What is Authorized Share Capital?
Authorized share capital is the number of stock units (shares) that a company can issue as stated in its memorandum of association or its articles of incorporation. Authorized share capital is often not fully used by management in order to leave room for future issuance of additional stock in case the company needs to raise capital quickly. Another reason to keep shares in the company treasury is to retain a controlling interest in the business.
Types Of Shares: Authorized, Outstanding, Float And Restricted Shares
Understanding Authorized Share Capital
Depending on the jurisdiction, authorized share capital is sometimes also called "authorized stock," "authorized shares" or "authorized capital stock." In order to be fully understood, authorized share capital must be viewed in a context where it relates to paid-up capital, subscribed capital and issued capital. Although all these terms are interrelated, they are not synonyms.
"Authorized share capital" is the broadest term used to describe a company's capital. It comprises every single share of every category that the company could issue if it needed or wanted to. Next, subscribed capital represents a portion of the authorized capital that potential shareholders have agreed to purchase from the company's treasury. Paid-up capital is the portion of the subscribed capital for which the company has received payment from the subscribers. Finally, issued capital is the shares that have actually been issued by the company to the shareholders.
A company's shares outstanding will fluctuate as it buys back or issues more shares, but its authorized share capital will not increase without a stock split or some other dilutive measure. Authorized share capital is set by the shareholders and can only be increased with their approval.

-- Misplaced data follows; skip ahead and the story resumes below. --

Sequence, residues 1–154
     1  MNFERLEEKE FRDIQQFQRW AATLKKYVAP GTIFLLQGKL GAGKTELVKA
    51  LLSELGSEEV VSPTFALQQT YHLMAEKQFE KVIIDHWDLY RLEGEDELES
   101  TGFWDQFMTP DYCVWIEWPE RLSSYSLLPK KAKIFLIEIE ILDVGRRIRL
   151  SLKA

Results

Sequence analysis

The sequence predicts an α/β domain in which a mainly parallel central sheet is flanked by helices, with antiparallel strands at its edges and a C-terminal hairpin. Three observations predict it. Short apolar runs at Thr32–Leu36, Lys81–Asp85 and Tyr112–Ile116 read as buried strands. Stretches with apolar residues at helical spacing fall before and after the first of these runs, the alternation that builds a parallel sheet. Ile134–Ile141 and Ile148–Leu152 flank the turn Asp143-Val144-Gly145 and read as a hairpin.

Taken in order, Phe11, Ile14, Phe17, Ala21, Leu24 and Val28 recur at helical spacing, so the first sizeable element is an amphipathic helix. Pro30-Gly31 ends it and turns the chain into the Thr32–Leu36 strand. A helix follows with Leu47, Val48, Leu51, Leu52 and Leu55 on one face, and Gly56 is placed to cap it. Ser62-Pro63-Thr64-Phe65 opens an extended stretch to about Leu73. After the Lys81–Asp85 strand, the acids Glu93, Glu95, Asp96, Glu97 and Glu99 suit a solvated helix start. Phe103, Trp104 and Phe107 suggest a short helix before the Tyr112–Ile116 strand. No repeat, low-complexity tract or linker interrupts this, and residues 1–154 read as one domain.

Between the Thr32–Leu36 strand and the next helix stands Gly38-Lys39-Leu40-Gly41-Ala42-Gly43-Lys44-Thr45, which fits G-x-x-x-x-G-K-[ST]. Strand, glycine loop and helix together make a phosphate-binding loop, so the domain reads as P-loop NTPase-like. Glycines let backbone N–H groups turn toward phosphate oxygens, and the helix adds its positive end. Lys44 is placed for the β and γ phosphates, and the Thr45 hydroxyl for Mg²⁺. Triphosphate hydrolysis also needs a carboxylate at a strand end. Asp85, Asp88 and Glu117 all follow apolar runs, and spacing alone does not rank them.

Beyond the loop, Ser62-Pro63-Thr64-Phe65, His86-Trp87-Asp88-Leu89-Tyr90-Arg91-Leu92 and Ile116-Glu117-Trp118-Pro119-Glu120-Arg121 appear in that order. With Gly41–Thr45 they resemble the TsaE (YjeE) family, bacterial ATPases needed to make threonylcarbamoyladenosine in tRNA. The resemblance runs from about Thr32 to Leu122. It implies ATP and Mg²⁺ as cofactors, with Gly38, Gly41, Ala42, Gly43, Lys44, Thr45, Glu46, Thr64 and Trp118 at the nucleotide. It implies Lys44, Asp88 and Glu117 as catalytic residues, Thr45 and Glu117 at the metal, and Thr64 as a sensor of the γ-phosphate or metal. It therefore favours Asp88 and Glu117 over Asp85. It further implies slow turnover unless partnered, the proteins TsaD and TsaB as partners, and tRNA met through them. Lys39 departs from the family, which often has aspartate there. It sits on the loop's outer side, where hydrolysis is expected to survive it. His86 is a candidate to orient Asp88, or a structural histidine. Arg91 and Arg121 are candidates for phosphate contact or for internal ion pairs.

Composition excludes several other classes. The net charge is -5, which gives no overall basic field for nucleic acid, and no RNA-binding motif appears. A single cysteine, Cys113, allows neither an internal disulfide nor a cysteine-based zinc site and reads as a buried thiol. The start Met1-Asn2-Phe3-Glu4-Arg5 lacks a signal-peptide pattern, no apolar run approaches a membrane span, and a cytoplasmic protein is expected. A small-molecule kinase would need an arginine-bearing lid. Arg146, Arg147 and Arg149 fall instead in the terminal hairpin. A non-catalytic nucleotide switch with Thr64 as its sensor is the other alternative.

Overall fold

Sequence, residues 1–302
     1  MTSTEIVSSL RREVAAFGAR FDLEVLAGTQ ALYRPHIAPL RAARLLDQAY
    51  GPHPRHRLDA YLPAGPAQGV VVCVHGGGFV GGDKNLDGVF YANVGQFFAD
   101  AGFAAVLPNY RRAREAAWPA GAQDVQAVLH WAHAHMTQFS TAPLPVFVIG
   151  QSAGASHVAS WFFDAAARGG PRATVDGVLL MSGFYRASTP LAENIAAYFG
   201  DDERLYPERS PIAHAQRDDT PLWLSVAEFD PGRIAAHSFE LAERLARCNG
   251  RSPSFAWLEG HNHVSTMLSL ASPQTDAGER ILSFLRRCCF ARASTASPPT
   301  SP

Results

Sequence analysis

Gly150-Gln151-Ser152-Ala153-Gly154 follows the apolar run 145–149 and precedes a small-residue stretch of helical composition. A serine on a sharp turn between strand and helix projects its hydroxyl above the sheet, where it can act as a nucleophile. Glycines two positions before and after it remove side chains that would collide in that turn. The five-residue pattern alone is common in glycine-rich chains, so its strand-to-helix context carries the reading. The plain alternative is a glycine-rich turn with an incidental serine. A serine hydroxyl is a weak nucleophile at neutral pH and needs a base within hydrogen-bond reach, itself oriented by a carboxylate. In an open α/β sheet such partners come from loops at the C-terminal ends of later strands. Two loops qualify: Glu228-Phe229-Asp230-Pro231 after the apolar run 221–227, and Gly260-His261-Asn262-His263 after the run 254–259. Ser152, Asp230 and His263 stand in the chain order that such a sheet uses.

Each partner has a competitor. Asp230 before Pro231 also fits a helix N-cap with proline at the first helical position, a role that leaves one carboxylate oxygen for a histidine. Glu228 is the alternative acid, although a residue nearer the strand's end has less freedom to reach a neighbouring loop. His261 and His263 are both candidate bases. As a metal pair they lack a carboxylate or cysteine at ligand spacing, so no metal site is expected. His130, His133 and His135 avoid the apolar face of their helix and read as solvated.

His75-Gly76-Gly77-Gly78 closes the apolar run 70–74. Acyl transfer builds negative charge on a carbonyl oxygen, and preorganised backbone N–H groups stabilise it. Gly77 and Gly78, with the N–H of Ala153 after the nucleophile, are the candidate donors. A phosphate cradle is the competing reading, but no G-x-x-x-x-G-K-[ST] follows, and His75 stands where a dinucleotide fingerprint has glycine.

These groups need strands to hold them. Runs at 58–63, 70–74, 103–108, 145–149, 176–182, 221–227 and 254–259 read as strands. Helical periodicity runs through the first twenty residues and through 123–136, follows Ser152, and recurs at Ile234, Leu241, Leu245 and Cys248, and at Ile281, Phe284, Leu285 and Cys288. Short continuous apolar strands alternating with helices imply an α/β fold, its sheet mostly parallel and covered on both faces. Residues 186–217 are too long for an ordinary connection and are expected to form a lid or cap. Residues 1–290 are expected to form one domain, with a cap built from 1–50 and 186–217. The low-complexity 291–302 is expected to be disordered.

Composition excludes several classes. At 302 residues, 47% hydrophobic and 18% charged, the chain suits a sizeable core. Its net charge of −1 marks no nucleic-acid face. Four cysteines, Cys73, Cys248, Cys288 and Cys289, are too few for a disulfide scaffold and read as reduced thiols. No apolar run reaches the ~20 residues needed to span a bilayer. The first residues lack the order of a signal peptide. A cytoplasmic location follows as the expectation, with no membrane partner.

- Authorized share capital refers to all the shares issued for a company.
- Companies often hold back a portion of their authorized share capital for future financing needs.
- A company's authorized share capital will not increase without shareholder approval.
Example of Authorized Share Capital
Imagine a company with authorized capital of 1 million common shares at a par value of $1 each, for a total of $1 million. However, the actual issued capital of the company is only 100,000 shares, leaving 900,000 in the company's treasury available for future issuance. This sounds short-sighted, as the company is forgoing $900,000 in capital, but it makes sense when you look at the business phases. Imagine our company is a startup. In this case, it is keeping authorized share capital high while actual issued capital is low to allow for additional financing rounds from investors. If the startup tries to split stock, it may not get shareholder approval. If it has a large amount of stock held back, then it doesn't need to get shareholder approval to raise more capital in the future.
Interestingly enough, mature companies often see their shares outstanding shrink in comparison to authorized share capital. When a company is established and no longer growing aggressively, then the best return for extra capital may be buying back shares outstanding. This usually increases the value of the remaining shares on the market by lowering the true supply. For example, the Coca-Cola Co. had an authorized share capital of 11.2 billion shares in 2018 with a par value of 25 cents per share. However, it has only 4.33 billion outstanding shares in the same period.
Authorized Share Capital of Public Companies
Stock exchanges may require companies to have a minimum amount of authorized share capital as a requirement of being listed on the exchange. For example, the London Stock Exchange requires that a public limited company have at least £50,000 of authorized share capital to be listed. Authorized share capital may be greater than the shares available for trading. In this case, the shares that have actually been issued to the public and to the company's employees are known as "outstanding shares."